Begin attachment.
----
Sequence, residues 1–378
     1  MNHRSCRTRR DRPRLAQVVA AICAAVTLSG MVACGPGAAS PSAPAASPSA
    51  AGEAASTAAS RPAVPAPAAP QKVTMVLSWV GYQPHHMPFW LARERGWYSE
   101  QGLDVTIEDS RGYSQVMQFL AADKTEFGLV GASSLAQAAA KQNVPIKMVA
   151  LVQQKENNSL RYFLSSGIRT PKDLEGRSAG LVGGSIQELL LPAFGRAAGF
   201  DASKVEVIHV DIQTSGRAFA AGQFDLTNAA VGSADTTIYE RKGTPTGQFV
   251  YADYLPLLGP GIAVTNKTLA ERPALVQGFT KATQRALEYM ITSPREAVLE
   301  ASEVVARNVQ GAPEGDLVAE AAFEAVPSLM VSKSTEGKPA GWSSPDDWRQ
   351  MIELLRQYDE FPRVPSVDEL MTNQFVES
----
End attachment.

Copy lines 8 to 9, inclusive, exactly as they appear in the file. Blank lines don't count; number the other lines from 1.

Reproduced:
   301  ASEVVARNVQ GAPEGDLVAE AAFEAVPSLM VSKSTEGKPA GWSSPDDWRQ
   351  MIELLRQYDE FPRVPSVDEL MTNQFVES